It adds that the U.S. economy shrank 33% in second quarter, the “steepest decline since the government started keeping records in 1947,” and “this was followed by the fact that tens of millions of unemployed Americans lost $600 in additional weekly jobless benefits after the White House and Congress failed to reach an agreement to extend the supplement.”

President Trump has since intervened by executive order but the result remains to be seen.


Another “reality” is that demand for Class I milk is questionable as many schools will not fully open across the nation and HGD warns that will make more milk available for cheesemakers even as U.S. milk output is steady-to-higher in the Midwest, Idaho and California.


Butter plunged to $1.4250 per pound last Tuesday as 50 carloads found their way to Chicago in the first two days of trading. It rallied Wednesday and Thursday, only to slip back some Friday and close at $1.53, down 7.75 cents on the week and 78.5 cents below a year ago. A total of 63 cars exchanged hands last week.


Monday’s butter lost 5.25 cents but regained 4.5 cents Tuesday, clawing its way back to $1.5225.


Spot Grade A nonfat dry milk saw its Friday close at 95.50 cents per pound, 2.25 cents lower on the week and 7.25 cents below a year ago, with 16 sales reported.


The powder was down 1.25 cents Monday and inched down another quarter-cent Tuesday to 94 cents per pound.


Dry whey closed Friday at 32 cents per pound, down 2.25 cents on the week and 3.5 cents below a year ago on 11 sales.


The whey inched a half-cent lower both Monday and Tuesday, slipping to 31 cents per pound.


Lots of cheese

The Agriculture Department’s June Dairy Products report shows cheese output climbed to 1.1 billion pounds, up 0.3% from May but an eye-catching 3.5% above May 2019. The year to date total hit 6.5 billion pounds, up 0.5% from a year ago.


Wisconsin produced 281.5 million pounds of the total, up 0.8% from May and 1.0% above a year ago. California output, at 203.6 million pounds, was down 2.9% from May and unchanged from a year ago. Idaho vats added 87.3 million pounds worth, up 8.2% from May and 1.4% above a year ago.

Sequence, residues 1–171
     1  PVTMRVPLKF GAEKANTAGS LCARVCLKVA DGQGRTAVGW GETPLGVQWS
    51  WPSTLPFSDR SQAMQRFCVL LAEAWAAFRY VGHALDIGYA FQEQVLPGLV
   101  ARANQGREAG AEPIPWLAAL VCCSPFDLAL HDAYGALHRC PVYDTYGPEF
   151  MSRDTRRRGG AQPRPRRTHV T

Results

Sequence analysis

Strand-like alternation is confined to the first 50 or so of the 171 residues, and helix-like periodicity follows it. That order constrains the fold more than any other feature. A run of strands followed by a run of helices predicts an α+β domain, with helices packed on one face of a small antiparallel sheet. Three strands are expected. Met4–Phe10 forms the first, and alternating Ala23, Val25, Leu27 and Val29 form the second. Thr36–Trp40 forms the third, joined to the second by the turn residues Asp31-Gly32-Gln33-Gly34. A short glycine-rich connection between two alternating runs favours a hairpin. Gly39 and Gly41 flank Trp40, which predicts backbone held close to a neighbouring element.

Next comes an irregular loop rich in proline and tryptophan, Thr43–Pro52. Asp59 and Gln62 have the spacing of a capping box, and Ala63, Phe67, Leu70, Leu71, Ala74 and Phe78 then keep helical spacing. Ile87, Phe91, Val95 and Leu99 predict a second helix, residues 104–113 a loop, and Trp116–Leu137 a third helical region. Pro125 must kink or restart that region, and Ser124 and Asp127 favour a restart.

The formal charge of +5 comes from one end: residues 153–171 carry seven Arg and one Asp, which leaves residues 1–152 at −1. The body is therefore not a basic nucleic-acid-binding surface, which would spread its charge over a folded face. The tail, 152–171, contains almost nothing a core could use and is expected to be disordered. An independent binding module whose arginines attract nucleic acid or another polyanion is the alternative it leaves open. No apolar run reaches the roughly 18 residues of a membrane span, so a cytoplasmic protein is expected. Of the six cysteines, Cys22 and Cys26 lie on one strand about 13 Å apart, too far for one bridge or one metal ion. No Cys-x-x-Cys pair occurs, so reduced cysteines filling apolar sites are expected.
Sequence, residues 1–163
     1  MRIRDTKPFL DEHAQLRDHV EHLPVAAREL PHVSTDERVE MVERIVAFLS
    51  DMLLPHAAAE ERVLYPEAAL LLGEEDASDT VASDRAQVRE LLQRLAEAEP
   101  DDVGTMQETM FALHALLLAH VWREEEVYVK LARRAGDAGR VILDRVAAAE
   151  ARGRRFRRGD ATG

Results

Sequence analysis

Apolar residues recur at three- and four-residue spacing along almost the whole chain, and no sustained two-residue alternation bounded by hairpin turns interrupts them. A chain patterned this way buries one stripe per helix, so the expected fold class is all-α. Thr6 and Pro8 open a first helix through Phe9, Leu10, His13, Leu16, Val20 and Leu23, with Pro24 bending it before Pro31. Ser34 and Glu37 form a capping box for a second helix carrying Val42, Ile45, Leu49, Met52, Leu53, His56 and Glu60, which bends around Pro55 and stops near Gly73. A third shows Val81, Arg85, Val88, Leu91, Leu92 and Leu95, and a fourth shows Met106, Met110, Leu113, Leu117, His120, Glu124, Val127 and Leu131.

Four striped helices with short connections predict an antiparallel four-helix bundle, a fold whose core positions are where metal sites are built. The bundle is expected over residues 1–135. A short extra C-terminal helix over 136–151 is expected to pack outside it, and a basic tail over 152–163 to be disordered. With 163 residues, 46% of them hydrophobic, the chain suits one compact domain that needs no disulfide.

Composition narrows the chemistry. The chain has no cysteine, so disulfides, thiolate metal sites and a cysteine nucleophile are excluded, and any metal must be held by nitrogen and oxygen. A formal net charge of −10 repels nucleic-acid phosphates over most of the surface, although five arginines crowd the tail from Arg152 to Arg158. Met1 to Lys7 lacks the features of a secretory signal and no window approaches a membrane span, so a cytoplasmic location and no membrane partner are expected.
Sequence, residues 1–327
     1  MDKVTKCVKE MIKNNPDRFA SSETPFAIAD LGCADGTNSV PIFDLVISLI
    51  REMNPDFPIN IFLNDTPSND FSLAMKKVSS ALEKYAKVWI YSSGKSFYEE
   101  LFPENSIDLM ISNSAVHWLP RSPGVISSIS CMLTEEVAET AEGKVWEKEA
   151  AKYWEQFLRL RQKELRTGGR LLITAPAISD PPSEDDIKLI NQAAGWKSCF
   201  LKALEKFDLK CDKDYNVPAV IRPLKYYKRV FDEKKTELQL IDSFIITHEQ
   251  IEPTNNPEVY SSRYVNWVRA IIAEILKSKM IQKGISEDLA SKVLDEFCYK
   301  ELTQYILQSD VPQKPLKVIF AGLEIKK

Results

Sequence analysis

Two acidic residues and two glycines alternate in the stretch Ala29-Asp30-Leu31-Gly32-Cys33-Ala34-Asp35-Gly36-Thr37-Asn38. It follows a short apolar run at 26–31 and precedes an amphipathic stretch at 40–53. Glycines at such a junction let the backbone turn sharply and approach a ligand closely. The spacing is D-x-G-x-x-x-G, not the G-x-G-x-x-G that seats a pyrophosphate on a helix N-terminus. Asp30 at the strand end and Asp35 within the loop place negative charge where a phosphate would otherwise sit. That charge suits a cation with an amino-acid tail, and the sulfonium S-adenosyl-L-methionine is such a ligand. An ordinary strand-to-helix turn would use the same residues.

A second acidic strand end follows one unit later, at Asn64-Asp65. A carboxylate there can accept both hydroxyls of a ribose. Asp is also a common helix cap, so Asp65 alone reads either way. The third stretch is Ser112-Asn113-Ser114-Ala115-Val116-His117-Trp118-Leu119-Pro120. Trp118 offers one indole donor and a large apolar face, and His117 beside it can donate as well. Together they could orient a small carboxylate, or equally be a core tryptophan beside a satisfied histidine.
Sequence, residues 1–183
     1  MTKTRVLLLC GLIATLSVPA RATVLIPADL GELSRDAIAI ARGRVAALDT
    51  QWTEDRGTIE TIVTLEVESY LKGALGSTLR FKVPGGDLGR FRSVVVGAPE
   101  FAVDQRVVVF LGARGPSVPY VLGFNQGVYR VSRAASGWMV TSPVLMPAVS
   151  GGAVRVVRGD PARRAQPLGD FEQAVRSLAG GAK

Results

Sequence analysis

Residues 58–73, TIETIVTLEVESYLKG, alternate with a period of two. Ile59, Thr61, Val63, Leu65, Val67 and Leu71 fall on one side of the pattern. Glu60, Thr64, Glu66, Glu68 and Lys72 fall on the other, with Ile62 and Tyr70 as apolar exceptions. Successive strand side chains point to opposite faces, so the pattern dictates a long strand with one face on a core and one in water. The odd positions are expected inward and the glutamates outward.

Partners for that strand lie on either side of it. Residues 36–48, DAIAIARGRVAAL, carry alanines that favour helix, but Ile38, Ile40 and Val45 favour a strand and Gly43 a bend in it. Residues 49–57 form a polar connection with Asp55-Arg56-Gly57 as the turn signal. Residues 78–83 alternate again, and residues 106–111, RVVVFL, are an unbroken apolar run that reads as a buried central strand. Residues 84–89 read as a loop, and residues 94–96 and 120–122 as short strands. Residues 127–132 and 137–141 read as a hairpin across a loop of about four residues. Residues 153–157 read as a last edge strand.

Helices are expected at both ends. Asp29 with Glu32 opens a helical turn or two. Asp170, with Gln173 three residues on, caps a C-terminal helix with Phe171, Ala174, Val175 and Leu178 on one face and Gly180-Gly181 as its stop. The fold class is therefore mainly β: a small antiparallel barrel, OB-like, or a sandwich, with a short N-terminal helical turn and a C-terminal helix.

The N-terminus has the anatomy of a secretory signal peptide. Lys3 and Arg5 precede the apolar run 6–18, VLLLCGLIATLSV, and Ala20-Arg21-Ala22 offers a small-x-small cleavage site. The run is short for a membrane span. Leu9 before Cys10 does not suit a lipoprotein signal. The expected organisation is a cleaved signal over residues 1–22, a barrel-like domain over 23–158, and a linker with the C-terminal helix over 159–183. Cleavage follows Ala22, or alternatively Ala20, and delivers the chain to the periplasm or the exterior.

Italian type cheese totaled 475.3 million pounds, down 1.1% from May but 3.0% above a year ago. YTD output is at 2.8 billion pounds, down 0.6%.


American type cheese totaled 438.2 million pounds, down 0.9% from May but 2.5% above a year ago. YTD American was at 2.6 billion pounds, up 1.5%.


Mozzarella output climbed to a pizza-generated 384.8 million pounds, up 3.9% from a year ago, with YTD at 2.2 billion pounds, up 0.1%.


Cheddar, the cheese traded at the CME, fell to 310.6 million pounds, down 7.1 million pounds or 2.2% from May but 3.2 million or 1.0% above June 2019. Year to date Cheddar stood at 1.9 billion pounds, up 1.2% from this time a year ago.


Butter production dropped to 150.0 million pounds, down 28 million pounds or 15.7% from May and 4.8 million pounds or 3.1% below a year ago, ending 10 consecutive months that it topped year ago levels. YTD butter output was at 1.12 billion pounds, up 7.0% from 2019.


Dry whey totaled 85.4 million pounds, down 1.3% from May but 2.9% above a year ago, with YTD at 492.6 million pounds, up 4.1%.


Dry whey stocks totaled 85.4 million pounds, down 0.4% from May but 23.6% above a year ago.


Nonfat dry milk output totaled 146.7 million pounds, down 11.9 million pounds or 7.5% from May and 11.2 million or 7.1% below a year ago. YTD powder sits at 1.0 billion pounds, up 1.6% from 2019.


Stocks fell to 289.1 million pounds, down 56.6 million or 16.4% from May and were down 2.1 million or 0.7% below 2019.


Skim milk powder output jumped to 61.3 million pounds, up 14.2 million pounds or 30.1% from May and 9.2 million pounds or 17.7% above a year ago. YTD skim milk powder hit 268.1 million pounds, up 10.2% from a year ago.





From: Capital Press